Concern with bullying has again attracted attention this week, when Jamey Rodemyer, 14, fell prey to senseless intimidation.
It needs to be pointed out that the young are not the only ones who suffer from bullying, being made to feel unworthy of life, unlovable, and less than others.
Bullying is not necessarily deliberate.
Feelings of being worthless can come about because no one does anything, because no one cares enough to do anything, to help someone else, or even acknowledge their existence. Being lonely is not the problem, we all feel lonely at times, but being isolated and shunned is fraught with anxiety. Feeling that you are without friends, the only one of “your kind,” before you have learned the value of being wonderfully unique, makes you vulnerable to the solitary confinement that bullying creates.
Nothing is more debilitating than thinking you are alone, unwanted, unimportant, and useless.
This happens when people belittle you, when you cannot defend yourself, and when no one takes any notice of you. When you feel that everything you attempt, or offer to others, or have achieved, is ridiculed, or intentionally ignored. Your sense of aloneness follows despair in an endless loop that eventually spirals out of your self control, inviting thoughts of that one last meaningless act. A meaningless act of trying to rebel, to escape, to end the misery, or finally do something that you expect to be acknowledged by others.
It is not always possible to find the ability or the means to end the agony, and so one suffers, exists through it, in a torment of self deprecation that is humourless. Being deliberately deprived of the company of another person is no less a form of intimidation, bullying, and torture that provokes mental anguish and excruciating pain.
“…Suffering is one very long moment. We cannot divide it by seasons. We can only record its moods, and chronicle their return. With us, time itself does not progress. It revolves. It seems to circle round one centre of pain.”~ This was written by Oscar Wilde whilst in prison from his work De Profundis
Bullying is not merely active intimidation, verbal degradation, or physical abuse; it is denial of another’s worth, even of their existence, of their unique value to life, their achievements. It causes us to circle our lives around what others want us to think of ourselves; that of being worthless and without any redeeming feature.
This is why the concept of sin is so detrimental. Maintaining that sin is inherent in each of us is like hobbling a perfectly good horse.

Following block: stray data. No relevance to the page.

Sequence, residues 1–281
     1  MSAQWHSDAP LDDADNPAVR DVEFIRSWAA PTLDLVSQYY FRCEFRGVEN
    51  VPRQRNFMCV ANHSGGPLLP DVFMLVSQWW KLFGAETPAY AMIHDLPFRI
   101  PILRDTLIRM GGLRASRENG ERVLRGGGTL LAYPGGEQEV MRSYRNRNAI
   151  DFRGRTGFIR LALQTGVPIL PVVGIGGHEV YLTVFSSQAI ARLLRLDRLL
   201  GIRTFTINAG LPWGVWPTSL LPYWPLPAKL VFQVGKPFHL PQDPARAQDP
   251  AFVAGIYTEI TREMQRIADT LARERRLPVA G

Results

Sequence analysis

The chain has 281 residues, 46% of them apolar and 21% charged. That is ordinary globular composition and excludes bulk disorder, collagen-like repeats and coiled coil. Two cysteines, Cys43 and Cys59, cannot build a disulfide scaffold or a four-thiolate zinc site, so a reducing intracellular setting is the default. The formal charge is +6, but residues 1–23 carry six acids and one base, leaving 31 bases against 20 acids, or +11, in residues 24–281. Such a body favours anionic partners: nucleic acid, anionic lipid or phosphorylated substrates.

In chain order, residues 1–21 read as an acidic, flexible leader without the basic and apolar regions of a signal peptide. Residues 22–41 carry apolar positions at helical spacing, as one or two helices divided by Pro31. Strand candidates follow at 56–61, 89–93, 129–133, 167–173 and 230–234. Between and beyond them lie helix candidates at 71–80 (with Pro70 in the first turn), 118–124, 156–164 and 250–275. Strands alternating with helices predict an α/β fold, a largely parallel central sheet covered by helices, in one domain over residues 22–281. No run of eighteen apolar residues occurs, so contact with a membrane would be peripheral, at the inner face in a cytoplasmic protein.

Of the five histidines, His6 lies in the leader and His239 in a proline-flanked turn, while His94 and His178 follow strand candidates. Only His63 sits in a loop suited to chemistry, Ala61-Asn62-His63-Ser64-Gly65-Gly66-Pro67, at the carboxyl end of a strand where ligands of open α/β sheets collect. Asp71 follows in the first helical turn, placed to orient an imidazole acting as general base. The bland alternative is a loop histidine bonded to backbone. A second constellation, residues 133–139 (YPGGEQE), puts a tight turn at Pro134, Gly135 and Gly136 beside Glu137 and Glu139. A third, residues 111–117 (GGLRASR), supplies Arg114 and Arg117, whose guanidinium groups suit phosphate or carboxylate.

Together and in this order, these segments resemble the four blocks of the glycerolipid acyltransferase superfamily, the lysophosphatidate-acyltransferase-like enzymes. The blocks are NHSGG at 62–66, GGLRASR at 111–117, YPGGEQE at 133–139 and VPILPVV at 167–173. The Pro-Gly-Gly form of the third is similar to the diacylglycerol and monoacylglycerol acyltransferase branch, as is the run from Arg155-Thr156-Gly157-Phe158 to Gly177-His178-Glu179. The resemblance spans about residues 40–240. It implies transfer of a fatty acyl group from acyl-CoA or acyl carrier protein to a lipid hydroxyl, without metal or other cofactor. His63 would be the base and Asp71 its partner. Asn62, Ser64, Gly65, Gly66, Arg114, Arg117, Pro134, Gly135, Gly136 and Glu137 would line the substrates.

Even if your religion subscribes to the burden of “original sin” it should never be used to browbeat and bully you, or others, into denying a full and lengthy life. Civilized nations have rejected the penalty of stoning “sinners,” as being outdated barbaric biblical law. It is remarkable that everyone’s sexual expression is still “on the books,” and in the minds of so many people, is sinful or “unnatural.”
In fact, those are the people who need informed counseling to understand that consensual sexual expression is a human right, a perfectly normal and natural human experience. Regarding those experiences as sins or “unnatural,” is outdated and as barbaric as stoning, and as bullying-like as demanding self-flagellation.
Place no value on the words of the cowardly bullies, their dogma of rituals that sacrifice your freedom to think and love, who are the scourge of the scoundrels, teaching hate, instead of celebration of life. They are the ignorant turned to bullies, tyrants who laugh at the torment they inflict on others.
Bullying can heighten any doubts we have about ourselves.
For the young it is a road block to their growth and full development as loving human beings. It causes people in mid-life to sink into depths of depression, eventually to be suspended in an apathetic malaise. To the elderly, the bullying of aloneness is a terrifying tearful denial of their life’s accomplishments, of any appreciation of all they have done for others. Harassment, intimidation, and bullying, whether by physical attack or not acknowledging our existence, strips self-respect from our dying whether infirm, young, or elderly, or any age in between.
The human race is diminished when infants are bashed to death; when bullying causes our youth to destroy itself, or when our attempts to comfort others evaporate uselessly as we are confronted by the despair of the bullied.
Withered and wrinkled, secluded in some dark, soiled room, we may even bully our aged selves with regrets and recriminations, but no one deserves to suffer those pains of life’s anguish at the moment of passing, without at least one loving hand to hold our own with dignity, while we gently weep.
“No thing is isolated entire of itself;
Every thing is part of the universe,
A piece of the all.
If a single cell should cease to be,
The galaxy is the less, as well as if a sun were,
As well as if a dwelling of your friend’s or of your own.
Any death diminishes life,
Because life is involved in living;
And therefore never send to know for whom a tear falls;
It falls for you.”
~ Adaptation from John Donne’s For Whom the Bell Tolls.
No one should be detached from the comfort, love and compassion that defeats bullying; that can help lift us out of the depths of our despair and pain and onto the paths to joy, but it is our own efforts to thoughtfully share our love and empathy that rewards us with the goodness of feeling alive.
No one should be bullied to death; that is a cruel, vicious waste of life.
No one should ever die feeling unloved; that is a human and universal tragedy.
Everyone should have the freedom to love, and be loved. That is the greatest thing we will ever learn.
Someday, someone you love will be eagerly waiting, needing to hear you say, “I love you,” so they can say the same thing to you.
And sorrow that comes out of the depths of bullying makes us all determined to stop the senseless violence.